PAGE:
Author Topic: British Taxpayers pay £250,000 a year to protect Tony Blair  (Read 2034 times)

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Offline Scootle

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Tony Blair police protection costs under scrutiny

Police protection for former prime ministers should not cost anything more "than is absolutely necessary", Foreign Secretary William Hague has said.

It follows newspaper reports that Tony Blair's bodyguards are costing taxpayers £250,000 a year in expenses.

The Mail on Sunday claims officers are staying in "five-star luxury" on Mr Blair's holiday and business trips.

Mr Blair's office rejected calls for him to pay policing costs, arguing he spent most of his time on unpaid work.

This included projects in Africa, his role as a Middle East peace envoy for the Quartet powers - the EU, the UN, the US and Russia - and his faith and sports foundations.

A spokesman said: "Mr Blair has a very high regard for the professionalism of his protection team.

"They do a fantastic job, often in very difficult circumstances particularly in the Middle East."

The Mail on Sunday reports protection squad claims of more than £1,200-a-night for accommodation in hotels, limousine hire and other expenses.

The paper lists a series of holidays, including a two-week break Mr Blair took in Borneo, where officers ran up a bill of more than £20,000 on their Metropolitan Police Barclaycard.

Another week-long visit, by the Blairs to the Como Shambhala health retreat in Bali, is said to have resulted in a bill of £6,873 for the three-man police team's accommodation.

In addition to the holidays, officers accompanied Mr Blair on more than 21 international trips in the first four months of 2010, the newspaper reports, to destinations including Abu Dhabi, Jordan, Liberia, China, Israel, Singapore, Malaysia and the US.

The newspaper says it has seen documents which show the annual cost of Mr Blair's protection squad was nearly double the £135,000 submitted by the officers protecting Gordon Brown in his last year as prime minister.

Asked about the story on Sky News, Mr Hague said: "I don't know anything about that particular level of cost. That's not provided by the Foreign Office so I can't really comment on that.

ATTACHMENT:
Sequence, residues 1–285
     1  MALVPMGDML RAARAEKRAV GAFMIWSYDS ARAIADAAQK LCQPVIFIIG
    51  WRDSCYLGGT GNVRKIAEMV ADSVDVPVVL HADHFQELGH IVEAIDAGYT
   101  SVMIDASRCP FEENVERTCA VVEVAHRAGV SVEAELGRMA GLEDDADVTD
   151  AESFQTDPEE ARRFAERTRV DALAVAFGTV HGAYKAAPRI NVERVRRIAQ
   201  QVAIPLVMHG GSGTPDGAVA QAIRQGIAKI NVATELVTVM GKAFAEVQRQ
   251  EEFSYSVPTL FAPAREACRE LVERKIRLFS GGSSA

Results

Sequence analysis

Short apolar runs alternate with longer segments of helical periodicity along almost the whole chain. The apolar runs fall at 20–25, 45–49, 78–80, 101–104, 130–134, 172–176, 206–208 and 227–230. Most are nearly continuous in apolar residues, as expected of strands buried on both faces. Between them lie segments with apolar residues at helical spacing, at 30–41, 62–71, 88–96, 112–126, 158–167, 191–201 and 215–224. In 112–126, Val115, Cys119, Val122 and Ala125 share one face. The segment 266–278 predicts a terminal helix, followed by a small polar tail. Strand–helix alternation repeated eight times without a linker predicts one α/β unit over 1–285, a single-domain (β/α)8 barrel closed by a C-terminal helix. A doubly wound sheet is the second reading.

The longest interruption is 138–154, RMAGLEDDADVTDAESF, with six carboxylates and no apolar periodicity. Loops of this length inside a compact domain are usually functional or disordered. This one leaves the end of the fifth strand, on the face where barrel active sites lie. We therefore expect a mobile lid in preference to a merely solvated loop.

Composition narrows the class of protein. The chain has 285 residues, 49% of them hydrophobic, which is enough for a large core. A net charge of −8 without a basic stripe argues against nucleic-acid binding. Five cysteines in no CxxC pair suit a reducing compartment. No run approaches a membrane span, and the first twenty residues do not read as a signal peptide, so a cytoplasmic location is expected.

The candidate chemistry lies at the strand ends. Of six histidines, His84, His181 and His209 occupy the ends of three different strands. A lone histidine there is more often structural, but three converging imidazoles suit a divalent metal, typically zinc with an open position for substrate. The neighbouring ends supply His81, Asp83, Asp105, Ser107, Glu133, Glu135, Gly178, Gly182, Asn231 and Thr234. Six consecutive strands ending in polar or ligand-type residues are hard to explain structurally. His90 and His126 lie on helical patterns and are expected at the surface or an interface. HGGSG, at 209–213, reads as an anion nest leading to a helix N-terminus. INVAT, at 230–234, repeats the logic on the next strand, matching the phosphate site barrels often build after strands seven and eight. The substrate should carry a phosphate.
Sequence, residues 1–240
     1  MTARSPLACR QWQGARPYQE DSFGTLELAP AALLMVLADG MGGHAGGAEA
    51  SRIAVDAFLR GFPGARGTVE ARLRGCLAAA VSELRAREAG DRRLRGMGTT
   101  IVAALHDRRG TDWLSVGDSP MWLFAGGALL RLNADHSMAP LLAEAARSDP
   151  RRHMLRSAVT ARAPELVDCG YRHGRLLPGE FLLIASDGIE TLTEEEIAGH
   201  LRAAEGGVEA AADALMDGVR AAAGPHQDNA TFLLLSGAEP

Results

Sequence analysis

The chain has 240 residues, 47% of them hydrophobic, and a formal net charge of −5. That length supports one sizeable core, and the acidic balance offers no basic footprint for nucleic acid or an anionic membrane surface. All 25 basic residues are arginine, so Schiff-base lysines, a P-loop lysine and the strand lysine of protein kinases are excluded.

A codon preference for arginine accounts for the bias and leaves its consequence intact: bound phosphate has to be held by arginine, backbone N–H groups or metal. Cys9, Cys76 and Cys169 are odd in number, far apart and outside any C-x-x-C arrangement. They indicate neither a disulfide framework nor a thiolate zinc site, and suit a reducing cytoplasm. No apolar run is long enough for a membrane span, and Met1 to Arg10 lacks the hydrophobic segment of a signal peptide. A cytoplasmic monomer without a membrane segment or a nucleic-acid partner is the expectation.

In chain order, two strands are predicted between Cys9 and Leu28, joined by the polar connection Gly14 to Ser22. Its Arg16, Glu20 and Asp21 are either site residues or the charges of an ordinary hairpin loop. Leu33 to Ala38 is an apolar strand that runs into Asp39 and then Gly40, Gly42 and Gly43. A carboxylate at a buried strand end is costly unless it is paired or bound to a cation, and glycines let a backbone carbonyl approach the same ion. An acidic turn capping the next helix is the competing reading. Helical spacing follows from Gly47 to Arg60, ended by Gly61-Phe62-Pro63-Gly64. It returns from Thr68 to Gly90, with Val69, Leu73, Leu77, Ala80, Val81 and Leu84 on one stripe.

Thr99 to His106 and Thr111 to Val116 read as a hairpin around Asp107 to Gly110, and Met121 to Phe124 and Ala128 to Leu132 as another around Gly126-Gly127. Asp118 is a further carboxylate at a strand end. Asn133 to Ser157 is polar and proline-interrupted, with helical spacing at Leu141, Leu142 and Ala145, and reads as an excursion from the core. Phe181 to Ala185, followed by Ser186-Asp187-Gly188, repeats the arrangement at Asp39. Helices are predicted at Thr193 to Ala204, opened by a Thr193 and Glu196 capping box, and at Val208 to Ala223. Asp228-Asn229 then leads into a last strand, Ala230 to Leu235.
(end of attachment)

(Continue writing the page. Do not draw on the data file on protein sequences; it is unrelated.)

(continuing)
"Clearly, former prime ministers, whoever they are, whichever party they are from, do need to be protected but we have to make sure that is as cost-effective as possible. That it doesn't cost any more to the taxpayer than is absolutely necessary.

"I am sure the departments who deal with that will make sure it is subject to the right level of scrutiny but I can't say any more about that, really, today."

Mr Hague paid tribute to Mr Blair's work in his new role as UN Middle East peace envoy, saying: "I think he does a good job".

The foreign secretary, who held talks with Mr Blair at the Foreign Office on Friday, said that despite their former differences as leaders of rival parties, he would continue to work with the former PM to try to "ease the situation in Gaza and improve the prospects of peace in the Middle East".

The cost of protecting Mr Blair was criticised by the former director of public prosecutions Sir Ken Macdonald, who is to be made a Liberal Democrat peer.

He told BBC1's The Andrew Marr Show that "something had gone awry" if Mr Blair's protection officers were staying in five-star hotels.

He said: "There is obviously a good reason why former prime ministers are protected, and Tony Blair is probably under threat as much as any.

"But I think it does slightly stick in the craw that so much money is being spent on so much luxury. I am sure that many, many taxpayers are going to resent this."

All former prime ministers are entitled to round-the-clock police bodyguards and protection officers' overtime rates are reported to be among the highest in the Metropolitan Police.

The Mail on Sunday reports that officers protecting former Conservative Prime Minister Sir John Major claimed an extra £119,000 in expenses last year.

In a statement, the Metropolitan Police said: "Like all public services the Metropolitan Police Service (MPS) has got to prove that it delivers value for money.

"We are committed to achieving this and with anticipated budget cuts we are even more focused on how we can best do this.

"Overtime is called upon when it is essential to maintain operational effectiveness."

It added: "The few officers receiving significant payments in respect of overtime are mainly in undercover roles or in royalty and diplomatic protection units.

"In such areas, working time is determined by the operational circumstances and, in the case of protection officers, requirements of the principal."

The statement said that the Met regularly monitors and scrutinises levels of overtime and expenses and reports regularly to individual groups and the Metropolitan Police Authority.

It said the Met sought to "book the cheapest price travel available bearing in mind operational demands" and all overseas travel was subject to authorisation by a senior police officer or a senior member of police staff".
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